Bail is set by the arresting officer or his supervisor, the watch commander, jail release officers, or the Judge. In each county, a bail schedule gives a guideline for bail amounts depending on the charges that the individual was booked on. To post bail, one can use cash or a bail bondsman. We have access 24 hours a day to local bondsmen that are willing to post your bond as soon as possible to get your loved one out of jail. In Orange County, we can contact the jail to discuss reducing the bail amount after booking occurs before the suspect is sent to court.
Decision to File Charges
After law enforcement make an arrest, they write their reports and send the reports to the DA for a charging decision. Police will recommend the DA file certain charges based on the information obtained by the Police. The DA is the entity solely responsible for filing charges. The D A has independent discretion to bring the recommended charges, other charges, or none at all. Occasionally, the DA may need to return the file back to the Police to clarify a certain point that is necessary to the case. There is a common misconception that citizens or victims can "press charges" or "drop the charges". The DA is able to take into consideration whether their interest or lack of interest would affect the case, but the prosecutor has the ultimate decision and can file charges even if there is no interest to the specific victim or citizen because there may be other reasons to prosecute.
Once arrested, if the suspect remains in custody, the law requires that the individual be charged within 72 hours of the arrest. If the third day is a weekend or holiday, the rules allow the arraignment to take place the next business day. In Orange County, an arraignment occurring for an individual in custody, will occur at the county jail in courtroom CJ1.
At the arraignment, the charges are read and the individual can now be considered a defendant, with the important rights provided by the State and Federal Constitution and State Law regarding communication, legal representation, and speedy trial rights. A copy of the police report is provided to defense counsel at the arraignment by the DA. The court may review the bail setting at arraignment and future hearings.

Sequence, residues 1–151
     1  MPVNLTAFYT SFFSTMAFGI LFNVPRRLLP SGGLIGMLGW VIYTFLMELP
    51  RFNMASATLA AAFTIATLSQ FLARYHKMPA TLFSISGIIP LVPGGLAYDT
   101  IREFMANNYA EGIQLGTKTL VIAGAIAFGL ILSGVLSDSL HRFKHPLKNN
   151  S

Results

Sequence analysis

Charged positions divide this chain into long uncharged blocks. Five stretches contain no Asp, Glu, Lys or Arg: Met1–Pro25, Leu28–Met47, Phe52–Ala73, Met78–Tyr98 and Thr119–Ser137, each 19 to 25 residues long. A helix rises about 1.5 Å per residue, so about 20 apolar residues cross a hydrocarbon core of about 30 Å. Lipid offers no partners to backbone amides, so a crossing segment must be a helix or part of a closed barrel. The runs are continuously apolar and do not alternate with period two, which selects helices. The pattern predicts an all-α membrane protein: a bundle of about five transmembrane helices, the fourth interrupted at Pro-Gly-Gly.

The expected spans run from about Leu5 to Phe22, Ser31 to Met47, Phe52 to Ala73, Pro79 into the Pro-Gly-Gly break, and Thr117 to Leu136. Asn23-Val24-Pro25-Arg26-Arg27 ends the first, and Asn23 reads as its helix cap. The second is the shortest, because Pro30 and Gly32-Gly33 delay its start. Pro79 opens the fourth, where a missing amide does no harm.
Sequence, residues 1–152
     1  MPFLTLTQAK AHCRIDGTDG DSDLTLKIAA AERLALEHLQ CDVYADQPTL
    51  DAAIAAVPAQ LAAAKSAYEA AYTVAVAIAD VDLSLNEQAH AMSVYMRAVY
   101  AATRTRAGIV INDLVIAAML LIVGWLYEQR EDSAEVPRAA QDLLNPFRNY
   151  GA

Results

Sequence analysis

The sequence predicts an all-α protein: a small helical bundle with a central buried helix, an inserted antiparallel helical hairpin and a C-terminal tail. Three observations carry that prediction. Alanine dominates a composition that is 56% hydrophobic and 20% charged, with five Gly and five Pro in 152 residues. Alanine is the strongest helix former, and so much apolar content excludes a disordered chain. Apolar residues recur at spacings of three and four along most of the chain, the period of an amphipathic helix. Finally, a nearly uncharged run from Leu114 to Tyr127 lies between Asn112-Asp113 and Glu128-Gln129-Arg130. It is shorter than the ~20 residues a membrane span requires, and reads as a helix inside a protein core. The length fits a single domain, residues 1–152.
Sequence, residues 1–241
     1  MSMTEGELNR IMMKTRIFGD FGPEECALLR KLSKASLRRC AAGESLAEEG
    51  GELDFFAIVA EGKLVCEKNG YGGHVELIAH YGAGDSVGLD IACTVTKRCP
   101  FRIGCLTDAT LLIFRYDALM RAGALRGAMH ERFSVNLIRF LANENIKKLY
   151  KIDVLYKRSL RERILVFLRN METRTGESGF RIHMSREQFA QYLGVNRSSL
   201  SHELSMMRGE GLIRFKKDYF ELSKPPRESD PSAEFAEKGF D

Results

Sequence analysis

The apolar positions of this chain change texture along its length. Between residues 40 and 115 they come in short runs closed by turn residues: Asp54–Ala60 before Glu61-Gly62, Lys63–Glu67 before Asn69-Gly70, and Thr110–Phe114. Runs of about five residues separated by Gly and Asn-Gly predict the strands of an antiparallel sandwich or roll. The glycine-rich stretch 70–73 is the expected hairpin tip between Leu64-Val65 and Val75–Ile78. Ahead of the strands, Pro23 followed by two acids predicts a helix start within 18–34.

Pre-trial Conferences and Plea Bargaining
Plea bargaining is merely a device that is designed to allow discussion among the attorneys and the judge, if necessary prior to trial. The negotiations and case preparation can help to narrow the issues that are presented at trial, or provide a resolution of the case before trial. Pre-trial conferences are the court hearings in which these discussions take place and pre-trial motions to exclude evidence can be brought by the defense. Cases can be resolved at any stage of the proceedings, even during the middle of trial. Generally, about 3 to 5 percent of cases do not get resolved and a full blown trial is conducted before a resolution is obtained. Either by way of conviction or acquittal.
Only in a felony case is there the added procedure called a preliminary hearing. At the preliminary hearing, the DA must prove that the crimes were committed and that the Defendant committed them. The burden required to prove these facts is low and is not hard to provide at a preliminary hearing and the DA may provide as little evidence as possible just to get the case past the preliminary hearing. The law allows for police with 5 years of experience to speak on behalf of every witness that has personal knowledge of the facts of the case. These witnesses may be necessary for trial, but not at the preliminary hearing. The prelim is an important stage of the proceedings, however, because it allows the defense to test the efficacy of the People's case and reveal weaknesses in the case overlooked by the DA. The court will dismiss charges if there is not enough evidence presented to convince the judge that there is probable cause that the crime(s) was/were committed.
This is the first half of two guides that I've provided for you. The other is the rest of what can happen in a criminal case, the trial, appeal, and post conviction motions and modifications of probation or a criminal sentence. I hope this helps, but there is nothing that can replace an in-person consultation with a criminal defense attorney addressing your specific case or questions.